I grew up a Michigan fan (that's Meechigan for those Bob Ufer fans). I was taught Ohio State is from the devil, everything about Ohio is 2nd rate compared to my beautiful home state. Little did I realize how similiar these two places are; in many ways. We're both Midwestern and have a similiar feel, which I began to notice when I moved to Kentucky: Ohio does feel like Michigan. They're both heavy on the manufacturing front. And both major football programs were based on power.
You see for years and years and years, football has been about power, strength, and sheer domination. We'd get the biggest, strongest men we could find, and then ram the ball down the field. It didn't matter how fast you were, we were going to beat you with our size and power. This has been the philosophy at both Michigan and Ohio State for decades. The two teams were really mirror images of each other. Like it or not, Michigan is like Ohio State (just, ;), we've done it better). This has been successful for years and years and years, and recently as Michigan has won a National Championship in '97 and Ohio State in '02. But the game is changing.
The game has become about speed. The mentality is not to use power and strength and move the ball down the field, it has become to spread the other team thin, isolate a highly skilled player against somebody that is slower and less skilled them them, and then get the the ball in a place where they may be able to take advantage of their speed and quickness. Power and strength has been replaced with speed and adaptibility.
Recently, I was reading in a journal on my favorite sports blog that one of the iconic Michigan coaches Bo Schembeckler, was 5-15 in bowl games. The author of this piece wondered if this wasn't a product of the power game. You see Bo was the biggest and baddest bully in his neighborhood. He for sure will dominate local kids, but what would happen when be began to meet the bully's from other neighborhoods? No longer was his power as big an advantage, and he lost the majority of his bowl games as a result. We have seen the same result recently with Ohio State's mindset; they're good in their conference games (still overpowering the little guys) but awful in the Bowl games (playing the other bullies). I think he has a point.
Michigan has, in the past couple of years, changed its mindset. No longer does it play the game based upon sheer brut strength and power, but has changed its focus to the speed and adaptible mindset of 21st century football. (Ohio State has not, they're still big, strong, and losing big games to top-ranked teams)
This pattern is not isolated to football. The mindset of business, politics, and churches has always been about power and overwhelming the opponent. This played out in Wal-Mart leveraged itself into having the most buying power; politicians bought the most ad revenue for a market; churches looked to build the best buildings with the best programs; etc.,etc.,etc. It is about power. But recently, we've discovered that power isn't as effective as it used to be. We're seeing online sales go through the roof, leaving companies like Wal-Mart struggling to catch up. One of Obama's biggest strategic advantages was that he dominated the internet, a relatively cheap way of marketing himself; in the process cutting out the need for an advantage he might have (or not have) on the traditional media markets. Churches with huge buildings are finding that just having a building and programs is not what the younger crowd is looking for; the power of the mega-church is meaningless to a 20-something.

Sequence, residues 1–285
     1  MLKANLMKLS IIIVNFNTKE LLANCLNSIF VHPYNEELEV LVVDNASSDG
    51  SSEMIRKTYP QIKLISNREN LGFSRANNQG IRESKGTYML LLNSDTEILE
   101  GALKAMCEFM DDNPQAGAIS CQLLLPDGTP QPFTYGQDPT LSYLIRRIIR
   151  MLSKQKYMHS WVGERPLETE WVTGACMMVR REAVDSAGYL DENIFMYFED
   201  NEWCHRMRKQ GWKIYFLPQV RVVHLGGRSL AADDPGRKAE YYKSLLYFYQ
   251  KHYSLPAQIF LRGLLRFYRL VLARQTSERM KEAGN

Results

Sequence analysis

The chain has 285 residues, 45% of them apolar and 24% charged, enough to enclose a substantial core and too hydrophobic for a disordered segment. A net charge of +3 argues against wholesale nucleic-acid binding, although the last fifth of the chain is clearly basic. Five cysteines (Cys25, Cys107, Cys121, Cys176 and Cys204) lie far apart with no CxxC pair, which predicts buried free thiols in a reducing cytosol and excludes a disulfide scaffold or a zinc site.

These organizations are realizing that speed and adaptability are what's important to running a successful organization. In my field - the church - we're realizing that just having a cool youth room, cool programs, and a cool youth pastor are not enough to bring disicples in; perhaps they never were. Perhaps, like Michigan and Ohio State, we were just the biggest, best, and had the brighest lights in town and thought that if we did that we'd be able to draw kids to Jesus. Regardless, we need something more now. We must learn to adapt to student culture, we must learn to be relational, we must learn to go to the students; this mindset requires speed and adaptibility, as teen culture and mindsets are very quickly changing. In the church, it doesn't only include youth ministry, our entire culture is changing and the church as a whole must become more reliant on speed and adaptibality.
As we move further into the 21st century, we're going to see those who follow the traditional model focusing on power fall to the wayside. In the same way, we'll see those who rely on speed and adaptibility thrive!
And I still think that Ohio is a four letter word. GO BLUE!!!